Unix & Linux Stack Exchange is a question and answer site for users of Linux, FreeBSD and other Un*x-like operating systems. Join them; it only takes a minute:

Sign up
Here's how it works:
  1. Anybody can ask a question
  2. Anybody can answer
  3. The best answers are voted up and rise to the top

When I try to match all dot files in a directory with .* it seems to have a nasty side-effect: besides matching all (real) files and directories, it matches . and ...

bash-3.2$ mv test/.* dest/
mv: rename test/. to dest/.: Invalid argument
mv: test/.. and dest/.. are identical

This seems really weird, since they are basically 'fake' directories, just there to make relative paths easy. They are not part of the contents of a directory, and I don't ever want them matched when I try to move the contents of one directory to another directory. I can't think of any scenario where I would want them matched by .*.

So how can I turn this off? (Besides using Z shell, which is not always available, and which may not be the shell in use by someone running a function I've written.)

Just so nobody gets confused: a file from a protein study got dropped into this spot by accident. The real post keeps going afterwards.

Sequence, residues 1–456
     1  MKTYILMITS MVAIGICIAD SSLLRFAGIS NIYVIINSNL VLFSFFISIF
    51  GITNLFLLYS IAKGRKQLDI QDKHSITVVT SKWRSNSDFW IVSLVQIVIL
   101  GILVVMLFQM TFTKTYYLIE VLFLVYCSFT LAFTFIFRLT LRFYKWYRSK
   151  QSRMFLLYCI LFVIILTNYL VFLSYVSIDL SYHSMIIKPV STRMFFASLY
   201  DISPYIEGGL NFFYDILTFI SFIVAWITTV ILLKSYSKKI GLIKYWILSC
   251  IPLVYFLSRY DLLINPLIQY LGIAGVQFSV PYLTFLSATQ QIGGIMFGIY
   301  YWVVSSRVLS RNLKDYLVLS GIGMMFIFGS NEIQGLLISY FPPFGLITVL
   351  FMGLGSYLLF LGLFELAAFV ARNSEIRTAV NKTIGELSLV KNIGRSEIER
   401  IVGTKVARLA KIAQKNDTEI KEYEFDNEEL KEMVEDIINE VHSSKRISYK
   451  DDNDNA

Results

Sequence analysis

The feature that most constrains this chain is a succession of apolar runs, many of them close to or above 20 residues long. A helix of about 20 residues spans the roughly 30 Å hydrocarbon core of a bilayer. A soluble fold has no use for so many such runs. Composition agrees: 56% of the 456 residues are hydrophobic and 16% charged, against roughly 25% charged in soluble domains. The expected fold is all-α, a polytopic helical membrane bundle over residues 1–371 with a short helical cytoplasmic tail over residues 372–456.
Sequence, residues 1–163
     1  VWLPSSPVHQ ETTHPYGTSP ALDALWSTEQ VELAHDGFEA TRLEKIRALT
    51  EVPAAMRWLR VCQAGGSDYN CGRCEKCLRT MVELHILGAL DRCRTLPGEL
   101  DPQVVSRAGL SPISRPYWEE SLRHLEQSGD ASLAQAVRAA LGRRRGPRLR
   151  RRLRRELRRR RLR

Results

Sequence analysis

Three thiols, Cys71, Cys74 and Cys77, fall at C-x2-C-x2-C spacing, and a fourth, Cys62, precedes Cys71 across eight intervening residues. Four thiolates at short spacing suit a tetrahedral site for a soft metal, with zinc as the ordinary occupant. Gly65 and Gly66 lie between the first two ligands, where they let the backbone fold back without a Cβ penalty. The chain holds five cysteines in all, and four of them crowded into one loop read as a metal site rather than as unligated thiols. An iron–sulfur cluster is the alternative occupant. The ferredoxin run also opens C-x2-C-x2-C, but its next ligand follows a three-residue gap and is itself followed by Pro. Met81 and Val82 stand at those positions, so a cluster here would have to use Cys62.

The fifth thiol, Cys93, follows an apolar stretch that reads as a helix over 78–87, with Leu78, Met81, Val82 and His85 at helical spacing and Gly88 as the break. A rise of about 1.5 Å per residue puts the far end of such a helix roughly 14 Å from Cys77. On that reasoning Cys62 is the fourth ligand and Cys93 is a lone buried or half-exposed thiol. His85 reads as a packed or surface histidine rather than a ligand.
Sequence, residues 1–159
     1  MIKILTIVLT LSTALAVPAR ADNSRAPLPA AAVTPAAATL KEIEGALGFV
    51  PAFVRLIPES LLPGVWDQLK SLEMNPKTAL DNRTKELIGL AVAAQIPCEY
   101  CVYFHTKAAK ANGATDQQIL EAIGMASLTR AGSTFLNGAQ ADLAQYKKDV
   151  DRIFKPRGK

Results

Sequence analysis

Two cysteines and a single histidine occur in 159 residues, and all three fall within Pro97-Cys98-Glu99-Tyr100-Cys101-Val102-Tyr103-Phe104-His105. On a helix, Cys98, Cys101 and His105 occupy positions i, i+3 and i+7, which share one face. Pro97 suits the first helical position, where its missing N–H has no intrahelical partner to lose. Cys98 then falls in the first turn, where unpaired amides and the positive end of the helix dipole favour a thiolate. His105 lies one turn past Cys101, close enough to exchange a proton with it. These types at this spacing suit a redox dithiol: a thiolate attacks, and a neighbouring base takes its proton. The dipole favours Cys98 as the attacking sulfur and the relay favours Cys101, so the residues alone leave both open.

share|improve this question
up vote 9 down vote accepted

You can use the GLOBIGNORE bash variable.

              A colon-separated list of patterns defining the set of filenames
              to be ignored by pathname expansion.  If a filename matched by a
              pathname  expansion  pattern also matches one of the patterns in
              GLOBIGNORE, it is removed from the list of matches.


       .......................-.  The file names ``.''  and ``..''  are always
       ignored  when GLOBIGNORE is set and not null.  

So if you set


then path/.* will not match . and .., as you ask.

share|improve this answer
Wouldn't GLOBIGNORE=.:.. more succinctly accomplish the same thing? Or is there a subtle difference I'm missing? – iconoclast Jun 18 '12 at 14:50

A glob pattern would be .[^.]* -- it matches something with at least 2 characters where the 2nd char is not a dot.

Documentation for filename pattern matching is in the bash man page or here: http://www.gnu.org/software/bash/manual/bash.html#Pattern-Matching

Jonathan Callen raises a good point. You can use a fairly simple extended pattern

shopt -s extglob
ls -d .!(.|)
share|improve this answer
That will miss files named like ..install.cmd (A real file I've seen in the wild). – Jonathan Callen Jun 13 '12 at 20:13

Your Answer


By posting your answer, you agree to the privacy policy and terms of service.

Not the answer you're looking for? Browse other questions tagged or ask your own question.